The Risks of a Battery Fire

Damaged cells can lead to thermal runaway reactions affecting adjacent cells resulting in fire, asset damage and potential injury to personnel if not more catastrophic consequences.  

For larger-scale systems with multiple ESS, this deflagration event in the presence of combustible off-gassing with nearby ignition sources could result in an explosion leading to critical injuries and fatalities.

While the failure rate of a lithium-ion battery cell is extremely low at approximately 1 in 12 million per year, with worldwide production rates exceeding hundreds of millions per year, the frequency of an unmitigated battery fire incident increases significantly.

The New Standards

The NFPA recently published the first fire protection standard for ESS in 2019 – NPFA 855, Standard for the Installation of Stationary Energy Storage Systems.

This newly created standard specifies mandatory requirements for the overall management of ESS, for hazard mitigation analysis and additional measures for authority having jurisdiction (AHJ) approval.


How to Be Compliant

With respect to a thermal runaway reaction, the NPFA 855 Electrochemical Energy Storage Systems Section 9.3 Thermal Runaway Protection states:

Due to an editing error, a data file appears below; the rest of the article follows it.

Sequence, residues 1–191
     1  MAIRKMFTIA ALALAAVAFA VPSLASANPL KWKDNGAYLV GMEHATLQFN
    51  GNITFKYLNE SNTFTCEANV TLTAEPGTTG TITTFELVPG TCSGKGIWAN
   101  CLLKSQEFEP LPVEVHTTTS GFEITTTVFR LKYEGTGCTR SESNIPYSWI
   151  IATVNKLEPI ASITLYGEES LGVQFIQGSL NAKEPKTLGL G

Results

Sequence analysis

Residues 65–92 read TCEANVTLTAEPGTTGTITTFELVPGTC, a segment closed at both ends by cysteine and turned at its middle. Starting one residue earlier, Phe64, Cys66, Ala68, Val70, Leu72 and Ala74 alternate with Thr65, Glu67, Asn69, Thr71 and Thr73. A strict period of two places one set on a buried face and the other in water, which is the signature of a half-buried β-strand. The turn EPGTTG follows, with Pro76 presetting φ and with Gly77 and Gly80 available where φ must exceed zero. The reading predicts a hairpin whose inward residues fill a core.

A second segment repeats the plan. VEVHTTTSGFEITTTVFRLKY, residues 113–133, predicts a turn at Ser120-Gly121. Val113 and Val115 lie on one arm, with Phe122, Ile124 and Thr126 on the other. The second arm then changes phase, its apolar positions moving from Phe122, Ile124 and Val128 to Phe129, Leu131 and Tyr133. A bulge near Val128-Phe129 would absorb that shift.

“Where required by Table 9.2, a listed device or other approved method shall be provided to preclude, detect, and minimize the impact of thermal runaway.” Table 9.2 lists the specific compliance requirements for each ESS technology.  

In the case of Lithium-ion cells, thermal runaway protection is a mandatory requirement.

Not sure if you’re compliant? 

Contact us to find out. 

Protection Mechanisms 

Traditional protection mechanisms against fire hazards include sprinklers, fire suppression systems, and an overall emergency response plan. 

While these protection systems play an important role in minimizing the impact of a fire hazard, they all share a common theme as mitigative protection layers. 

These mechanisms act after the fire has occurred when essential asset damage and potential harm to personnel have already initiated.